Do Men Need Earlier Colorectal Screenings?
Austrian Study Shows That Men Develop Cancer and Precancerous Growths Earlier Than Women
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Risk Factors Appear in Men 10 to 15 Years Earlier Than in Women continued...
It isn’t until women are 65 to 69 years old that their likelihood of adenomas matches men in their early to mid 50s, the researchers note.
According to the study, the likelihood that women have polyps increased as they entered their 60s. For men, a similar increase occurred when they were much younger, between the ages of 45 and 49.
Men were also twice as likely as women to have advanced adenomas, growths that have greater potential to lead to cancer. Overall, men were twice as likely to be diagnosed with colorectal cancer.
About Colorectal Cancer
Colorectal cancer is the third most common cancer for men and women, according to the American Cancer Society. They estimate that just over 100,000 new cases of colon cancer and nearly 40,000 new cases of rectal cancer will be diagnosed this year. In 2011, nearly 50,000 people will die from both cancers combined.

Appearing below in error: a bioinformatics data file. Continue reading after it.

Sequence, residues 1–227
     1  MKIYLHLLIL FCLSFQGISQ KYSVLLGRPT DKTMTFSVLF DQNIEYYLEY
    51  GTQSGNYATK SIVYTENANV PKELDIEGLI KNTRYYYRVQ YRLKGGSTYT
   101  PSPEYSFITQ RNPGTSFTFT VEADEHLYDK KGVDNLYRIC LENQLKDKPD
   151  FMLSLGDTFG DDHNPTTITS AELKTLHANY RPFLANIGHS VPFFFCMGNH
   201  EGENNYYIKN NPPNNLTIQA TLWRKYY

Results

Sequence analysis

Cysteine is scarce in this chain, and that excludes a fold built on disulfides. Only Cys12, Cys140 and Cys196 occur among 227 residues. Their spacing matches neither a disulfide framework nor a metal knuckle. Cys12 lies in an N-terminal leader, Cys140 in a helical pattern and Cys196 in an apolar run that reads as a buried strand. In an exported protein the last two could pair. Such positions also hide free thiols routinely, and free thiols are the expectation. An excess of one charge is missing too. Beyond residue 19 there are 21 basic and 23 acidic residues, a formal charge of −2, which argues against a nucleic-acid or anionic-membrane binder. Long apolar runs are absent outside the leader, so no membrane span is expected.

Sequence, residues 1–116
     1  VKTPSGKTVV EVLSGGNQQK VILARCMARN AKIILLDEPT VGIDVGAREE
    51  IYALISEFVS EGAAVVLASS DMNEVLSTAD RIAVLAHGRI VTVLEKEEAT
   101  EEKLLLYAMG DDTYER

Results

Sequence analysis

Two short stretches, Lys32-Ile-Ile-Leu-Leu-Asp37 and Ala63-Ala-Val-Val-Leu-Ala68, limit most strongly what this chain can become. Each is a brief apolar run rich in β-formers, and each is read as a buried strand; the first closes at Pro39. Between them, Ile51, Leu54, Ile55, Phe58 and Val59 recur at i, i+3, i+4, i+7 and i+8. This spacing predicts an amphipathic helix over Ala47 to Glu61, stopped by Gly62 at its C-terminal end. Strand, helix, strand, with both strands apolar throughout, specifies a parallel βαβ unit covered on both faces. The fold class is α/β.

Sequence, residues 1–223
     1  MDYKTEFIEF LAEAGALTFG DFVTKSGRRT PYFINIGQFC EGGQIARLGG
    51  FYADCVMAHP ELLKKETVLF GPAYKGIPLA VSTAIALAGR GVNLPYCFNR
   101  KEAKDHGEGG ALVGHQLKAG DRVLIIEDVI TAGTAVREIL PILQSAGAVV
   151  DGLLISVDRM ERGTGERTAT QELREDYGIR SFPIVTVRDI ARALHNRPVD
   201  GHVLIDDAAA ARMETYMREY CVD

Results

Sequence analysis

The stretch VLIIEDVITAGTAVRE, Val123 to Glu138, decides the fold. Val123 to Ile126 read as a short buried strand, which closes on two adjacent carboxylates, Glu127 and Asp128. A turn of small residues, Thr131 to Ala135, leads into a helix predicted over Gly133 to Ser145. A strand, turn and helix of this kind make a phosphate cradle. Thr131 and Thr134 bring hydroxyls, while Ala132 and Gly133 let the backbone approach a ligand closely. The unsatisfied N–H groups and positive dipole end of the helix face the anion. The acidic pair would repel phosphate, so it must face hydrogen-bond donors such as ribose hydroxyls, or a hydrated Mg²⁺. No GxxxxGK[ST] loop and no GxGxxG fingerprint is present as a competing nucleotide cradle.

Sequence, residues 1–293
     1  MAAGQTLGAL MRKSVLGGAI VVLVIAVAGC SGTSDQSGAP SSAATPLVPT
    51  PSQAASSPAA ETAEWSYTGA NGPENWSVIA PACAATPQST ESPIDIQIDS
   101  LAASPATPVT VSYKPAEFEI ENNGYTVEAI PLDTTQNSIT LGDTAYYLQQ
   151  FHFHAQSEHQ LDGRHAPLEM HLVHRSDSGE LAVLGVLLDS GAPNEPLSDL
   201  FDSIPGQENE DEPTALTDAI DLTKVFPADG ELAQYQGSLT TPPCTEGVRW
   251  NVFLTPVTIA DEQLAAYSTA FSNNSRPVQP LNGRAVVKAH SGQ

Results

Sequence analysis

Diagnosing precancerous colon polyps and colorectal cancer at an early stage -- the goal of screening -- vastly improves a patient’s chances of survival. For colorectal surgeon Meagan Costedio, MD, of the Cleveland Clinic, the study results may influence current recommendations on when men should have their first colonoscopy.
“People might be willing to decrease the age to 45 in men and see if it changes things,” says Costedio, who was not involved in the research. “If we see a drop in incidence of cancer, that would be a good change in practice.”
However, she cautions that colonoscopies are not risk-free procedures. Tears, bleeding, and perforations of the colon are rare but possible complications.
“We don’t want to increase the risk of hurting people,” Costedio says.